Q10: There are a number of companies that invested in this country before the Indigenisation and Economic Empowerment Act was enacted. Do you accept that forcing these companies to implement this Act is retrospective and therefore unjust since these companies agreed to invest under conditions prevailing at the time?
A10: Yes, there’s a challenge there that we need to deal with in a careful way. But we must first understand that the rule of law must apply to everyone otherwise we risk undermining the fundamental tenets of our constitutional democracy. We accept that while the Production Sharing Model and Joint Empowerment Investment Model that are promising to be the best implementation way forward are easier to apply to new projects than to existing enterprises due to the need to factor in historical costs, both models have mechanisms for addressing these concerns but that requires each case to be approached on an individual basis on its own merits. What is required is for the framework and modalities to be transparent through a legal instrument, which in this case is the Indigenisation and Economic Empowerment Act.
Q11: The Government continues to laud the virtues of Zim Asset. You would be well placed to know that this is not the first blue print by Government. Many have come and gone. Apart from verbal affirmations of the policy, is there anything measurable you can point to that Government has done in line with Zim Asset?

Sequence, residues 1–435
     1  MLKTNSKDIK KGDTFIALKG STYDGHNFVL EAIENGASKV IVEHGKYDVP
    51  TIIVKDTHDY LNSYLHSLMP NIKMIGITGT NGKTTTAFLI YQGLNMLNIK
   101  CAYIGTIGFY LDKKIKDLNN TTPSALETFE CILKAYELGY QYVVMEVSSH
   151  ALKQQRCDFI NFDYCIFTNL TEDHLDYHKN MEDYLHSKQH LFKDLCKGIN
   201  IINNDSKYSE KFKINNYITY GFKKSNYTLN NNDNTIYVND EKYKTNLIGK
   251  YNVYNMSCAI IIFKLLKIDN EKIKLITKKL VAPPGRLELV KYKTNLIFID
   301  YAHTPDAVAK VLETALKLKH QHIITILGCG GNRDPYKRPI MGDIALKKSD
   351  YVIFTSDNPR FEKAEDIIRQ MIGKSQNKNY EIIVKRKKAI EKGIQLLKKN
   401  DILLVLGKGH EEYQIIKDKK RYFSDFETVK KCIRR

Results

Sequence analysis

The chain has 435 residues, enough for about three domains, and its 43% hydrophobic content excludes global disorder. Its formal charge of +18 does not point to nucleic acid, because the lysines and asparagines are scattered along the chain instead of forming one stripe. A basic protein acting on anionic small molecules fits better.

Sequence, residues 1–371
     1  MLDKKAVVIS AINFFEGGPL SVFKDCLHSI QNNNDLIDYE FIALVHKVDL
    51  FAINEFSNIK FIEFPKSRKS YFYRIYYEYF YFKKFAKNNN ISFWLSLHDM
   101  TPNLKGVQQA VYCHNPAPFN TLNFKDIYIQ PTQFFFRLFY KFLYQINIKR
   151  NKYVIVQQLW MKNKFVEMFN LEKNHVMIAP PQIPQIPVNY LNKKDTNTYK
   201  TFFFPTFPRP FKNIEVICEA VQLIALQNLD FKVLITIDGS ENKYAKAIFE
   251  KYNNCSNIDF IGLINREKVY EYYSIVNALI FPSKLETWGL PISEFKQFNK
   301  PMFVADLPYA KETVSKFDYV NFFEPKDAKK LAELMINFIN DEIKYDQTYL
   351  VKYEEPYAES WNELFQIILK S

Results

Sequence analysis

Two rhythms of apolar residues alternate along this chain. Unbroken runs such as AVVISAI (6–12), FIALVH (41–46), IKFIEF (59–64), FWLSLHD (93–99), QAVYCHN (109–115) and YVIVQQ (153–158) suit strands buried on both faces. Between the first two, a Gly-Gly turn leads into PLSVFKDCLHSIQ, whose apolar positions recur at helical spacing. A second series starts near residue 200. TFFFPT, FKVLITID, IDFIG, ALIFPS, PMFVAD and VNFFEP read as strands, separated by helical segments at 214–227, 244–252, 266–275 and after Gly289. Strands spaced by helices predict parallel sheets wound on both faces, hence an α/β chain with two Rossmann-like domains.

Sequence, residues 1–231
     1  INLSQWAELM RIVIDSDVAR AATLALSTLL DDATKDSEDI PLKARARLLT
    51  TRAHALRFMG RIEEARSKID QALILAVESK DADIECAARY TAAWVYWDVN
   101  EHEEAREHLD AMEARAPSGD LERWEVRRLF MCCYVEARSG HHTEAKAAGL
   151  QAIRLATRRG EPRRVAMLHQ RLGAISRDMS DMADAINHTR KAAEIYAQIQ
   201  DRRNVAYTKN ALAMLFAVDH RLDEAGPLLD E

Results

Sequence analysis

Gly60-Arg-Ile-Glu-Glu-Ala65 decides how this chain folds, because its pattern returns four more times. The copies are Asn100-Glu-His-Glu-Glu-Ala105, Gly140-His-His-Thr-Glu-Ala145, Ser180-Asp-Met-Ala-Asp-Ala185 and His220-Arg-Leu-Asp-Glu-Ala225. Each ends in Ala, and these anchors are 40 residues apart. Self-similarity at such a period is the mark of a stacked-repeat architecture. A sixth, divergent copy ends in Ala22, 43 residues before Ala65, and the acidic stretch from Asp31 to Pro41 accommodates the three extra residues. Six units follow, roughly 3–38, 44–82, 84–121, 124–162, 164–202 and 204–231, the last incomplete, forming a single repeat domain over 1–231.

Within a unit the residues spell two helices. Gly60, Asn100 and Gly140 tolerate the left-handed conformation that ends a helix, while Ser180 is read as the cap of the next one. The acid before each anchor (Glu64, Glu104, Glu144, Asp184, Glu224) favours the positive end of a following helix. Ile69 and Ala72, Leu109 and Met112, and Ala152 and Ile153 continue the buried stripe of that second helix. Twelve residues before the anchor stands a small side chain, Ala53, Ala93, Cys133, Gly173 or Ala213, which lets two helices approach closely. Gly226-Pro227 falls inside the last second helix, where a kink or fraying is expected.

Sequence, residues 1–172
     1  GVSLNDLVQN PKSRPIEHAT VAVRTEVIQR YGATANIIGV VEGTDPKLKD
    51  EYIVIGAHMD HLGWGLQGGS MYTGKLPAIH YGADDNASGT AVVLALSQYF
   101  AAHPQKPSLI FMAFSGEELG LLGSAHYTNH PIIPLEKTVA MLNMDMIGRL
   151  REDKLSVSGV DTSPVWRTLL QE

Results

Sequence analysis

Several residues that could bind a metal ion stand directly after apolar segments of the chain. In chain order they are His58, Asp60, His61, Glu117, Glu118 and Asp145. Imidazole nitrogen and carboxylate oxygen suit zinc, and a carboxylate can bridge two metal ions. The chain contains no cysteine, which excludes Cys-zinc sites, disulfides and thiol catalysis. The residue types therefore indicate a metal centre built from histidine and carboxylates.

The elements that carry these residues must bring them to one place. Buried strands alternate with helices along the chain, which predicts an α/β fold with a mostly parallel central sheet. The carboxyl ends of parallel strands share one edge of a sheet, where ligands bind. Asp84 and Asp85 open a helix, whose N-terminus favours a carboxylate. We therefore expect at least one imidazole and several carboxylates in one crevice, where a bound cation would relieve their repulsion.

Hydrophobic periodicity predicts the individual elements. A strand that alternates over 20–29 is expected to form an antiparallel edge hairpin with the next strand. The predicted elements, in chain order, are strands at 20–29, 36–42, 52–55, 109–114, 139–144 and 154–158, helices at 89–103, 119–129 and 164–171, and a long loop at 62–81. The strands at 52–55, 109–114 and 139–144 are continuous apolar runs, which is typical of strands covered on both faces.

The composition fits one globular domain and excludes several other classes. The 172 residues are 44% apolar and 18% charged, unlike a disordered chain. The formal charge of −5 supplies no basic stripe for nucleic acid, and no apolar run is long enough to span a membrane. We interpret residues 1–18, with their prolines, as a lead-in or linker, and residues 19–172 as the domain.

A11: Yes, the widely expected bumper harvest from the 2013/2014 agricultural season is as a result of the direct intervention of Government under Zim Asset’s food security and nutrition in terms of cropping and livestock input support whose budget was at least $180 million. But keep in mind that we are still in the early days of Zim Asset. We obviously need to do more and that is what we are precisely doing as Government. The policy review and tightening up of the indigenisation and economic empowerment programme along with the ongoing revival of the Central Bank are two important cases in point. Yes, we have formidable challenges to contend with, there’s no doubt about that but we also have a formidable policy response in Zim Asset and National confidence in our economy is on the rebound without any doubt. Success is guaranteed with hard work and a resolute intolerance of corruption across all levels of our government, economy and society.